Take A Moment, Pause, and Look At Her: A conversation about feminism and rape culture


“I refuse to believe rape culture is real”.

I try to find the strength to remove my feelings from this conversation. Being impartial is necessary in this moment.

I’m at a friend’s birthday that I had met recently. I only know 2 people out of the 30, and sit next to a tall, blonde guy I had met 20 minutes ago named Darren. Darren is a screenplay writer and director, and from the ring I notice on his left hand, married. We had talked earlier about what our passions are, and who has influenced us in our lives. His was his pastor, and a nut job director he worked for when he was younger. Mine was Angelina Jolie, strictly because she uses her fame and power to be put in good use, and is a wonderful humanitarian. The other is a person who had introduced me to feminism when I was 18. My life was changed forever.

“Feminism? So, can you tell me what that means?”, Darren stares intently.

“People give it many definitions, but really, it just means women having the same rights as men.”, I answer.

He’s not satisfied with that, “ Hmph. But that could mean anything. How do men play a part in this?”

Sigh. I see where this is going.

“If you’re wondering if it means men are hated, or that we believe women are better than men, then no. That’s not what it is.”

“That’s what I was going for, but still, there are women out there that give you feminists a bad name. The likes of Lena Dunham, Amy Schumer… It’s insulting. Promoting promiscuity like that should not be something feminists should be proud of.”

I ask him to elaborate.

“What is it that feminism is trying to accomplish? When you say equal, what do you mean? Are men and women really equal? 100%?”

I look intently, “ Equal, or the same? We aren’t comparing body parts here. This has to do with treatment, rights, respect.”

“But it kind of does. You can’t ask a man to be able to look at a woman and not react towards that. I’m not going to be able to see a pair of boobs walking down the street and not look. It’s a sexual body part to me, to men. It’s going to turn me on.”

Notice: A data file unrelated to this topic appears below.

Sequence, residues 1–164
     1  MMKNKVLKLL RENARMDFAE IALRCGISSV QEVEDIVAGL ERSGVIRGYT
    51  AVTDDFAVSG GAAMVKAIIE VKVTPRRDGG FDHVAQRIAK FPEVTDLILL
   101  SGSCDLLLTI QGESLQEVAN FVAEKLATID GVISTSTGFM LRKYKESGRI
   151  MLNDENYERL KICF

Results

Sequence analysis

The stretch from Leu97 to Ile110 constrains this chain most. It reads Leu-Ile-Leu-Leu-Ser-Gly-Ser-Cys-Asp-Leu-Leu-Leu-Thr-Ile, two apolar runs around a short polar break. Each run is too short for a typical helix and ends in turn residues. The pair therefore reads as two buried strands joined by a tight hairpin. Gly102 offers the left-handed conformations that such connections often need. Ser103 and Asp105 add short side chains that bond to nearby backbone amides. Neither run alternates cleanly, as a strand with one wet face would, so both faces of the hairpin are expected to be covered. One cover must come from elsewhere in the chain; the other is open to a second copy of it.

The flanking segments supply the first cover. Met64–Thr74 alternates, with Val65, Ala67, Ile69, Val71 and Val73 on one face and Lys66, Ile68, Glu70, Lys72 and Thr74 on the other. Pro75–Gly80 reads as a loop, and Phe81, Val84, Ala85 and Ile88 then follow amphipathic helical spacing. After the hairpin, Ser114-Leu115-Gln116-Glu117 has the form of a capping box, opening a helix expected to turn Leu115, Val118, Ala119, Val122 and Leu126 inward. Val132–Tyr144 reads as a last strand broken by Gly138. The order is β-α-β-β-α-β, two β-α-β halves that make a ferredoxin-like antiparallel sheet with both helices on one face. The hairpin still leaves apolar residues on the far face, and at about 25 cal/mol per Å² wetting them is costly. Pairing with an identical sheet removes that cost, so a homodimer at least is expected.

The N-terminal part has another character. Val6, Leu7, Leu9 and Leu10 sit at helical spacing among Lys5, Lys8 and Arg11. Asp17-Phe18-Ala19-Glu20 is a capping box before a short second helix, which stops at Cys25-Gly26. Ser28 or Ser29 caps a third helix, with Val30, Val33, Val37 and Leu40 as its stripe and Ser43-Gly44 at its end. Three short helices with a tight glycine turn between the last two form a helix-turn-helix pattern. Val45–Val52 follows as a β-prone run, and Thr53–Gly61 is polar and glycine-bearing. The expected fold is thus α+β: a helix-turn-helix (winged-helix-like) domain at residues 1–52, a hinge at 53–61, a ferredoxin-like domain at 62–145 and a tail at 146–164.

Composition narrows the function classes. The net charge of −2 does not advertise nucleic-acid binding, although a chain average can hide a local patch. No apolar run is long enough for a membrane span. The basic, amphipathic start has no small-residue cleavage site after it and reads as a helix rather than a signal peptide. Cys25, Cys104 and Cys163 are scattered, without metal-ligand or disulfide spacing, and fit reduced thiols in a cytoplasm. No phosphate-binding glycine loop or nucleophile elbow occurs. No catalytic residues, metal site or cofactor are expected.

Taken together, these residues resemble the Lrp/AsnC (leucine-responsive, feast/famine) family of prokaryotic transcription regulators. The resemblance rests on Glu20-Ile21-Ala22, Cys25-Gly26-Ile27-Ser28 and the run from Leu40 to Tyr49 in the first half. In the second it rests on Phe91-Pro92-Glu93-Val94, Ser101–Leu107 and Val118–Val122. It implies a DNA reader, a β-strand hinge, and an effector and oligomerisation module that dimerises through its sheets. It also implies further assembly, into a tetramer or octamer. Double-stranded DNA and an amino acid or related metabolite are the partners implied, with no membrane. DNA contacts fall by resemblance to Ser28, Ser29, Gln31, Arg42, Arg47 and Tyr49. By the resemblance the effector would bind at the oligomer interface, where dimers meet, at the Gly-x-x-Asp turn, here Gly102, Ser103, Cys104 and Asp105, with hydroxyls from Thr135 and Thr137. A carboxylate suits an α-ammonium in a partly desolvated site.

“Sure, I never said you can’t be turned on. What I’m saying is you should have enough sensibility to not act upon it, and use it as justification for harassment or rape. We want to be rid of rape culture, too.”

“Yeah, rape culture isn’t a real thing.”

My eyes widen. I chuckle, “You’re serious?”

“ I refuse to believe rape culture is real. I have seen studies on college campuses. Did you know that most women who have reported rape, were lesbian women?”

He continues to explain that it was because they do not like men, and so they claim something that was completely consensual gets reported as non-consensual because they discovered they prefer women. Or they just want to take advantage of the system.

Oh. My. God.

I bring up the subject of Brock Turner. He, of course, had not heard of it. I bring up Kesha’s situation. I bring up the young girl who carried her mattress throughout campus because her rapist was not reprimanded or even expelled. I bring up many other examples, all of which he had not heard of. I tell him how women are not given justice, how we are not protected, how we have no sense of safety from our own legal system. And even after hearing all of this, he could not get himself to believe that this is real.